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Systems Modelling for Energy Policy. Edition No. 1

  • ID: 2220456
  • Book
  • May 1997
  • 342 Pages
  • John Wiley and Sons Ltd
Energy is a sector where there has always been a serious modelling tradition, but with the worldwide trend away from planned economies to new market structures, the risk, uncertainties and competitive aspects which need to be incorporated pose new challenges to analyse strategic as well as economic behaviour. Systems Modelling for Energy Policy addresses the strong and apparently countervailing themes dominating energy policy in the current decade:
  • concerns about global warming have stimulated an intense and methodologically diverse level of analytical activity aimed ultimately at greater international co-ordination in policy and planning
  • simultaneously we are witnessing a worldwide trend away from planned national energy policies to new market structures
To accommodate these shifts in focus, more comprehensive analytical procedures are needed to address technical challenges in handling large models whilst smaller, policy-specific behavioural models may give greater insight to the strategic challenges involved in maintaining focus on key industry restructuring issues for which past data is not available. This volume provides a comprehensive and up-to-date reference to the range of issues and modelling alternatives that a systems perspective gives to the analysis of energy policy. Practitioners, analysts and researchers will find new studies and comparative modelling insights in this book which are not easily accessed elsewhere.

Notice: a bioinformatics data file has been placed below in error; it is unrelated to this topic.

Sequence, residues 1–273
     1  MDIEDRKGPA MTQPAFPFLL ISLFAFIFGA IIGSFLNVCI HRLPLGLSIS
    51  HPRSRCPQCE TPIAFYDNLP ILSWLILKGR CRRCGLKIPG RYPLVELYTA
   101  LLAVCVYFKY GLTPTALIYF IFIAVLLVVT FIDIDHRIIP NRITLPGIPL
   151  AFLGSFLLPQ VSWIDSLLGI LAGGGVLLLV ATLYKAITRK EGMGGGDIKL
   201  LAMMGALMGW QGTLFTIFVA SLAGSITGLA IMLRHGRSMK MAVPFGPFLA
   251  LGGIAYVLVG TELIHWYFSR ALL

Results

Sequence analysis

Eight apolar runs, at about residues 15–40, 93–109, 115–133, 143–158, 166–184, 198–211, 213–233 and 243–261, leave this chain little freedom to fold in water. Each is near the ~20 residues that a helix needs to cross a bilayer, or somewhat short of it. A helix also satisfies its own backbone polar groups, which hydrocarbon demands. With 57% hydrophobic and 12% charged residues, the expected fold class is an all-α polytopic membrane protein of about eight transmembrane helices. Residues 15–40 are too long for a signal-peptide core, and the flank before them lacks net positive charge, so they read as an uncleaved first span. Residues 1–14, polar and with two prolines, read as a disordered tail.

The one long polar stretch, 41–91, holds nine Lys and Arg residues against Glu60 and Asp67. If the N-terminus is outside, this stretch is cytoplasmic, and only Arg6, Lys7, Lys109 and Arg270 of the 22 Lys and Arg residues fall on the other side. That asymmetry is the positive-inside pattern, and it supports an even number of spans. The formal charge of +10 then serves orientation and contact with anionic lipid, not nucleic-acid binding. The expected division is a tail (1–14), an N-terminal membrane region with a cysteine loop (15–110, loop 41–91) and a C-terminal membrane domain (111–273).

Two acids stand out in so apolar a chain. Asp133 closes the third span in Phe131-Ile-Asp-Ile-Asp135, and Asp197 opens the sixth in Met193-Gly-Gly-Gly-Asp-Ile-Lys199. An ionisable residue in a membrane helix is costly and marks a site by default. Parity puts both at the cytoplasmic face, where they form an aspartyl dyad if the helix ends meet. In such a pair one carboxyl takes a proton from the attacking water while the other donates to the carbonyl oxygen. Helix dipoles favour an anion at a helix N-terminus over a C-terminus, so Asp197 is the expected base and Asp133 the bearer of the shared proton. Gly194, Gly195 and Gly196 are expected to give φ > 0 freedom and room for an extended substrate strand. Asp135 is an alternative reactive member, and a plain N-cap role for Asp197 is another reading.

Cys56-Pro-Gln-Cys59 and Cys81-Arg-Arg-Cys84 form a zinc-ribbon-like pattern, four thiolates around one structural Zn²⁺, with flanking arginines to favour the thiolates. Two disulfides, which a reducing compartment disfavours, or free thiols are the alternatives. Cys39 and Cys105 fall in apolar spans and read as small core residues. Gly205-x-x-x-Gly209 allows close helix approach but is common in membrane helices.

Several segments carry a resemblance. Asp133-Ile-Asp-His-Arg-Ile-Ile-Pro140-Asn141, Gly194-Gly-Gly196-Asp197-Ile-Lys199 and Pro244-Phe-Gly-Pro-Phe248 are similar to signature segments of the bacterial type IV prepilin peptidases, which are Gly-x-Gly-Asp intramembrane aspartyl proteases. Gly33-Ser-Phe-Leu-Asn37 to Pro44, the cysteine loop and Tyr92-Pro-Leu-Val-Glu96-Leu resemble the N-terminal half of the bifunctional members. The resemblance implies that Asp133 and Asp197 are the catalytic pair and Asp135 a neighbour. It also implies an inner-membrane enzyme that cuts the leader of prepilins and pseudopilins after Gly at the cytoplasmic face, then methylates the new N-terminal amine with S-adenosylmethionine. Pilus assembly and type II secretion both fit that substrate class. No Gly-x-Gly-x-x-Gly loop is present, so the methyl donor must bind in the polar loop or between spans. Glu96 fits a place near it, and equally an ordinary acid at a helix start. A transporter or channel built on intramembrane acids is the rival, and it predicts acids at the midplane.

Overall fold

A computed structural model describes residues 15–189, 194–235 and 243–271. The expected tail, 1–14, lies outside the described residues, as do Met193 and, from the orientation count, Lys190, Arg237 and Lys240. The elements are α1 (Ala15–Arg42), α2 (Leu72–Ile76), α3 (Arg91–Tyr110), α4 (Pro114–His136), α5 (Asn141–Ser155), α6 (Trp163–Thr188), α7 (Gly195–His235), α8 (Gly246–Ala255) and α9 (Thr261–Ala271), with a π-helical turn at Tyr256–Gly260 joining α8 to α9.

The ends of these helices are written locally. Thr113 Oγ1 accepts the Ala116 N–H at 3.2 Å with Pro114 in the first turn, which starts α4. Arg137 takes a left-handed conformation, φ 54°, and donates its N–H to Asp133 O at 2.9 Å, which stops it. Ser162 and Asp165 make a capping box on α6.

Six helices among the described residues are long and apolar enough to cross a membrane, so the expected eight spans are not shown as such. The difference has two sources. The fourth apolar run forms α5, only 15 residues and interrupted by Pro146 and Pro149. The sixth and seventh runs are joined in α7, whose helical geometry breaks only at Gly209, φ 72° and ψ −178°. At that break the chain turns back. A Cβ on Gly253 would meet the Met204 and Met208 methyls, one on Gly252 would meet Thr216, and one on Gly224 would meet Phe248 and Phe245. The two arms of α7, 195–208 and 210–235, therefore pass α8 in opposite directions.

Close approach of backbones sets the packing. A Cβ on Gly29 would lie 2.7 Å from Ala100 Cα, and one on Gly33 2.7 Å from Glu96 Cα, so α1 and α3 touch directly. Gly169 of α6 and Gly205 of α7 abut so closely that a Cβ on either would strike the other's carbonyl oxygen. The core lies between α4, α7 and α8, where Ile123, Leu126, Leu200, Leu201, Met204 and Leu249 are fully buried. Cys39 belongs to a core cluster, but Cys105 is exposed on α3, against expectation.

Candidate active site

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Partial table of contents:

Systems Modelling for Energy Policy (D. Bunn & E.Larsen).

The IDEAS Model and Its Use in Developing the US Climate ChangeAction Plan (F. Wood & J. Geinzer).

Benefits from Electricity Trade in Northern Europe under CO2Constraints (T. Larsson).

Application and Limitations of Annual Models for ElectricityCapacity Development (P. Grohnheit).

The Economics of the CO2 Problem: What About the Supply Side?

(J. Blank & W. Strobele).

The Changing Role of Simulation Models: The Case of the PacificNorthwest Electric System (A. Ford).

Complementary Modelling Approaches for Analysing Several Effects ofPrivatization on Electricity Investment (D. Bunn, et al.).

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Derek W. Bunn London Business School.

Erik R. Larsen University of Bologna.
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